It is a known fact that during pregnancy, there are a ton of hormonal and physical changes that women go through. Along with all these changes, it also brings a host of the most interesting, but very irritating and often very confusing symptoms that you cannot escape.

Since there is a whole list of symptoms that happen during pregnancy, it can often get difficult to differentiate whether those symptoms occur because of pregnancy or something else altogether. Pregnant women often tend to question: is toothache a sign of pregnancy? Let’s find out.

Is Toothache a Sign of Pregnancy?

Are you suffering from a toothache during a pregnancy? Well, then it is highly possible that it is a symptom of your pregnancy. However, we do recommend that you visit either your OB-GYN or your dentist to confirm that that is true and not some dental issue that is causing a toothache. After all, you can’t be too sure about anything when it comes to that tiny human growing inside you, right?

As we said, there are tons of changes your body go through when you are pregnant. Some of them may or may not cause toothaches. In the section below, we will take a look at these signs.

Changes Caused by Pregnancy

Everything ranging from hyperactive hormones to increased levels of blood flow makes pregnancy take a toll on you both physically and even mentally. Some of the most common causes of toothaches that occur during pregnancy include increased blood flow, hormones, and gum disease.

  • Increased blood flow

During pregnancy, your body needs to work overtime in order to support you as well as your growing child, which means that there is an increased level of blood flow in your body. This increased flow will create swollen and sensitive gums that are quite tender to the touch. Which is why, hot and cold foods can now trigger that sensitivity, something that you may not have experienced before.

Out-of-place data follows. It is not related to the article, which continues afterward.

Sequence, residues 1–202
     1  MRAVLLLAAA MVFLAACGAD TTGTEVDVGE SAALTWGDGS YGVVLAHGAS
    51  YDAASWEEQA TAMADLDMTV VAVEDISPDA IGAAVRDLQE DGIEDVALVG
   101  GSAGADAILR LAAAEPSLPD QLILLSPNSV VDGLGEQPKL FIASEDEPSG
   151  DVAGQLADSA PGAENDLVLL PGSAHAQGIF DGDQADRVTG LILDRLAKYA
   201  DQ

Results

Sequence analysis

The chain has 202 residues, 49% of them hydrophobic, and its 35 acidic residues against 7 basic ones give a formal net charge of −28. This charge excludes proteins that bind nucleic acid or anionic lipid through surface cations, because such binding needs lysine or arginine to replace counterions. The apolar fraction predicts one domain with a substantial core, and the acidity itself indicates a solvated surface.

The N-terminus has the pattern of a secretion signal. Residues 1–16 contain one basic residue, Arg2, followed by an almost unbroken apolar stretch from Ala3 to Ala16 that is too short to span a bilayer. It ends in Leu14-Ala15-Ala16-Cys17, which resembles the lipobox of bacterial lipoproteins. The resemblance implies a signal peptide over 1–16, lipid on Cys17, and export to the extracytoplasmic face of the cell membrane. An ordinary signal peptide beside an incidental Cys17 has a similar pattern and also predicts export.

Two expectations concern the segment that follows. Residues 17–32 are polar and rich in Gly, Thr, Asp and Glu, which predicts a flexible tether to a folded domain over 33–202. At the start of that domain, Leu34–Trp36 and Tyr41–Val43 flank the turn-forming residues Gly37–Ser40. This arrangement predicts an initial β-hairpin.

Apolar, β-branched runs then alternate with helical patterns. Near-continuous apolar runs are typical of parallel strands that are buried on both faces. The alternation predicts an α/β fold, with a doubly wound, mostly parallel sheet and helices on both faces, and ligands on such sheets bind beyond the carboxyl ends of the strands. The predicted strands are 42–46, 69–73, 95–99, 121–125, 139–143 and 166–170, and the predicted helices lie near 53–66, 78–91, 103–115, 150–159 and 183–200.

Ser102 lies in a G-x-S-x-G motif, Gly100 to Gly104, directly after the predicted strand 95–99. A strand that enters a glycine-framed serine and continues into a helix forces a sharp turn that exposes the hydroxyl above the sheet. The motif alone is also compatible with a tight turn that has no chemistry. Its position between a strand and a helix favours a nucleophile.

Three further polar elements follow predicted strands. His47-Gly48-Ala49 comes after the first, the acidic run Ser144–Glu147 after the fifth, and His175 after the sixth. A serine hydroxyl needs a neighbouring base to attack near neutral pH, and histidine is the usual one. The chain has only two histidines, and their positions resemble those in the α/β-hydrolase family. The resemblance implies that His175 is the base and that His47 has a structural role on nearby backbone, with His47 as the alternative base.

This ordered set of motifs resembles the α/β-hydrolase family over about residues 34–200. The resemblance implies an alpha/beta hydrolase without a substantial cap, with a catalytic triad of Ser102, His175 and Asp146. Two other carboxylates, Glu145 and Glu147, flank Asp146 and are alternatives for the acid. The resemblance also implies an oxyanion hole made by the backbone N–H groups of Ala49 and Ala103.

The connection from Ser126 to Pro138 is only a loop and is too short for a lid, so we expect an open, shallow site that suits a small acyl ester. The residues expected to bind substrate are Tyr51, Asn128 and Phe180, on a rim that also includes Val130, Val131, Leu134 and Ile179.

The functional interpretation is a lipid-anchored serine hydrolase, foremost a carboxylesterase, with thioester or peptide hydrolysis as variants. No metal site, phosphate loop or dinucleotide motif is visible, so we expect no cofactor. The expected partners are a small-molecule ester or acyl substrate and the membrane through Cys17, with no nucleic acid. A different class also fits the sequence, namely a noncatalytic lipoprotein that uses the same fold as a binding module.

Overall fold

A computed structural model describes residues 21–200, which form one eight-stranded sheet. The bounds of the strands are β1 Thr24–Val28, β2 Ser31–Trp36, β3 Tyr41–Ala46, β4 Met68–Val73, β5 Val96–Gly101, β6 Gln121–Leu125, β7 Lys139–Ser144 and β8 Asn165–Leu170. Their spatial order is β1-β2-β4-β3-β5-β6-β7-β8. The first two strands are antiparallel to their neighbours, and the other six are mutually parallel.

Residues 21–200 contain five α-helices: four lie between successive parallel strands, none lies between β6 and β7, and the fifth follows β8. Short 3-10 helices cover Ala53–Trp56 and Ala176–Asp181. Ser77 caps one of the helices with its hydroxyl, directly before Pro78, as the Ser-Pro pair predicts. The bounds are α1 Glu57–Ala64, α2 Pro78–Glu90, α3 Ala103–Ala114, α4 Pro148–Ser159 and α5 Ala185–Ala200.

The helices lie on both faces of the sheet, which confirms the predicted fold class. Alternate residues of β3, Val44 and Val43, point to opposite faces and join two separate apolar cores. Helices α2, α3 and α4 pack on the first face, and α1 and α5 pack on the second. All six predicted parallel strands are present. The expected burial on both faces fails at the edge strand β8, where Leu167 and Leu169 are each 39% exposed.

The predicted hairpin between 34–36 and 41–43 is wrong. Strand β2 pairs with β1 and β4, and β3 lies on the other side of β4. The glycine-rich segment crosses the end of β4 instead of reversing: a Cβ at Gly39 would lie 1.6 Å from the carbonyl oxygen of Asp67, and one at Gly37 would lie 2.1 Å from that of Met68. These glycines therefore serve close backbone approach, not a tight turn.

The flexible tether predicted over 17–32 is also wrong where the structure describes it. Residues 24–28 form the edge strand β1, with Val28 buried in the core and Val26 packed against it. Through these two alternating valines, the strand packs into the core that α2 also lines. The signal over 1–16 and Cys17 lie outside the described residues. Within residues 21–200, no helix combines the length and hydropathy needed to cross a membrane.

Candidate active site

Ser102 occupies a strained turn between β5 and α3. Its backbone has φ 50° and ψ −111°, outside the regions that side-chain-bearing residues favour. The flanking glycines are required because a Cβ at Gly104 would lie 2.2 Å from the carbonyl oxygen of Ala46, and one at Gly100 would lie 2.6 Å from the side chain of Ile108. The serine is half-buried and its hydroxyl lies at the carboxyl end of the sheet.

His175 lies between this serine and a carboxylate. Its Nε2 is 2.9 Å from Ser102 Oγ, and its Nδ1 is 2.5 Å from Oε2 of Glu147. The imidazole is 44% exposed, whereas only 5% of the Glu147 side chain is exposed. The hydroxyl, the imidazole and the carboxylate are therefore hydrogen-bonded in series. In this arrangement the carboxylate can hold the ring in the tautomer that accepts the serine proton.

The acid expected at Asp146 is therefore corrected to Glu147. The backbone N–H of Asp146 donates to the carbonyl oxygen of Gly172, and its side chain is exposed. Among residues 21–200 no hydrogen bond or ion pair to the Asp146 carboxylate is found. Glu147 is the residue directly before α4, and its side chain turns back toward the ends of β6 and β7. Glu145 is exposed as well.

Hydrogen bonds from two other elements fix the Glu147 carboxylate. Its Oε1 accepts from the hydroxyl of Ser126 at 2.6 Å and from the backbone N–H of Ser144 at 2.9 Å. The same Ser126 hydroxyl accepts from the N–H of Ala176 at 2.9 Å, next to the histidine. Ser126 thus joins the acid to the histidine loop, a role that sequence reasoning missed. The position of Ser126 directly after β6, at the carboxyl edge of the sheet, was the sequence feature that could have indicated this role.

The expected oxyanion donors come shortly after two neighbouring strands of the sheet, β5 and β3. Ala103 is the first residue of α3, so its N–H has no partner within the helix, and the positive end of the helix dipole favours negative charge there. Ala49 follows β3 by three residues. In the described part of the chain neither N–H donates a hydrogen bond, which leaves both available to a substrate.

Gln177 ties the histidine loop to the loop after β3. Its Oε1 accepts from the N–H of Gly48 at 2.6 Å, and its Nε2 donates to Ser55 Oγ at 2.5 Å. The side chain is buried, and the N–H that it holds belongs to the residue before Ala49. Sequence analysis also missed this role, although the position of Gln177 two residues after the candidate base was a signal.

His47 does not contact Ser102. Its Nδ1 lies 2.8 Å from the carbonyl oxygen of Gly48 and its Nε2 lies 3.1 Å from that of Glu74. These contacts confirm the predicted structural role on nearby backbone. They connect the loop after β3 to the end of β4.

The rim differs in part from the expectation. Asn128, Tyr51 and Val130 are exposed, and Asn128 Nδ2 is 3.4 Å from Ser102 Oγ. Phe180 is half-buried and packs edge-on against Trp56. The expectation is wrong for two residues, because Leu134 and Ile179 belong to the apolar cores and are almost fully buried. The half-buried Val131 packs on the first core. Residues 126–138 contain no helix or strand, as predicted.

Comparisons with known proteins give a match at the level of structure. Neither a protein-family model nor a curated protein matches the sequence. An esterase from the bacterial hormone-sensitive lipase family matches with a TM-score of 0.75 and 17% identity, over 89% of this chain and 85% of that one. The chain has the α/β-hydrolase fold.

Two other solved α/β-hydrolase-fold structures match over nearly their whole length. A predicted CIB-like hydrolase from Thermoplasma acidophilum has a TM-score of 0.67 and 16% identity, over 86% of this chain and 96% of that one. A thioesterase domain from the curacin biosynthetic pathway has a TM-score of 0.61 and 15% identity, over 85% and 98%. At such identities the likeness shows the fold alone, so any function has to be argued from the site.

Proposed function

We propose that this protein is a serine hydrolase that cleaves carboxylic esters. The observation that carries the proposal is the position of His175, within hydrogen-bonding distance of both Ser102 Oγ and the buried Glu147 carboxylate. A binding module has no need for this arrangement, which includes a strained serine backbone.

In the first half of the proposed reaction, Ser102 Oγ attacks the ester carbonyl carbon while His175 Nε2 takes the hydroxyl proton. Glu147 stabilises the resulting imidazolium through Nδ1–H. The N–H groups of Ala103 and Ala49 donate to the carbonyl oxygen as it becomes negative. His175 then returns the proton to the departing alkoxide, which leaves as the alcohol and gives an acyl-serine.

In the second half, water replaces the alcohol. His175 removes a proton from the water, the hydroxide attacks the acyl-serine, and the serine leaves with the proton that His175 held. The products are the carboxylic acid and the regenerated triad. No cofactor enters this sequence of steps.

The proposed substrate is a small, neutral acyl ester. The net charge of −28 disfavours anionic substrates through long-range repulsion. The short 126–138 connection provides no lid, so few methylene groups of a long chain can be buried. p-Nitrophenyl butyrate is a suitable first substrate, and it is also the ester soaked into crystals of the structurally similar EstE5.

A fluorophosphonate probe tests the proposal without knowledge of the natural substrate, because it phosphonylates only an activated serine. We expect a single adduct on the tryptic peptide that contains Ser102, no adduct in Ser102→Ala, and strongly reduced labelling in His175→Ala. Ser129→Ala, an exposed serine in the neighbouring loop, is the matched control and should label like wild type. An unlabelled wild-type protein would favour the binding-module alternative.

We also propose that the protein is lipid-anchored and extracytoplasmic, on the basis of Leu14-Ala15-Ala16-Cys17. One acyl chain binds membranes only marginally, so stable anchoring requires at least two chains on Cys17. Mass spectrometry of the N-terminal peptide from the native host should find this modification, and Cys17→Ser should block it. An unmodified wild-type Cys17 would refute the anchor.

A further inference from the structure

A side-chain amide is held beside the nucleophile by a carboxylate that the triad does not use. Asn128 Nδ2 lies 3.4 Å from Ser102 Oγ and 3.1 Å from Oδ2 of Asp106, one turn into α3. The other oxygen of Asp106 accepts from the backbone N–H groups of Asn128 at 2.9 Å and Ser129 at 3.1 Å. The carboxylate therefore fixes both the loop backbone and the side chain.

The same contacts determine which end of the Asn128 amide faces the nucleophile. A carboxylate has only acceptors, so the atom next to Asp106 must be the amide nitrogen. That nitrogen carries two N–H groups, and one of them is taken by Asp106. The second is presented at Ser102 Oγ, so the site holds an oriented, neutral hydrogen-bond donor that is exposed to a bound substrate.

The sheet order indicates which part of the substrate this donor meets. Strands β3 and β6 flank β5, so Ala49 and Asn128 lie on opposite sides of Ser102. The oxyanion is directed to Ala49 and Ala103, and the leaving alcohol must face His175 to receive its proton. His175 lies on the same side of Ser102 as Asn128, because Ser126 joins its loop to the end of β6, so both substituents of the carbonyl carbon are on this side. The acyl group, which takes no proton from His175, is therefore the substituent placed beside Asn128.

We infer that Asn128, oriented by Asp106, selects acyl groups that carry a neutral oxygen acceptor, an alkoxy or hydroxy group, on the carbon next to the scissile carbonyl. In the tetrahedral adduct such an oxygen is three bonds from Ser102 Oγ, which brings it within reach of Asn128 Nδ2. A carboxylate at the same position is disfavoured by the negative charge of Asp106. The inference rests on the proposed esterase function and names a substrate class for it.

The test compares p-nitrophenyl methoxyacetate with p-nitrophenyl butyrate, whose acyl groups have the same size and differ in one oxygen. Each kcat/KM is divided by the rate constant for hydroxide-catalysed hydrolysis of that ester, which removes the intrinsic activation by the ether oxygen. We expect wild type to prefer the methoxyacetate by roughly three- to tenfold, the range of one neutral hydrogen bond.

• Hormones

Pregnancy hormones may affect your body almost similar to the way the body responds to bacteria. This means that it can lead you to experience periodontal infections and sore gums and teeth.

  • Gum disease

It is a known fact that women are very susceptible to gum disease when they are pregnant, which may also be a catalyst for preterm labor. Gum disease leads to a sore mouth, which can cause added discomfort during pregnancy.

Other Reasons Why Toothache Occurs During Pregnancy

Aside from the most common ones we have mentioned above, there are also other explanations as to why some women experience toothaches when they are pregnant. Among these include:

  • Change in your saliva

The change in your hormones may also affect the saliva. When the saliva changes, it will also bring change to its texture, making it thicker and stickier. As a result, the germs proliferate, and it changes from being alkaline to acidic. Additionally, you will find that the amount of saliva in your mouth also decreases quite a bit during pregnancy.

  • Change in the acidity in your mouth

The stomach begins to feel much more compressed as the uterus continues to grow bigger in size. This also means that you end up eating smaller quantities of meals more frequently. Ultimately, this results in an increase in the level of acidity in your mouth, which may cause a toothache.

  • Failure to brush your teeth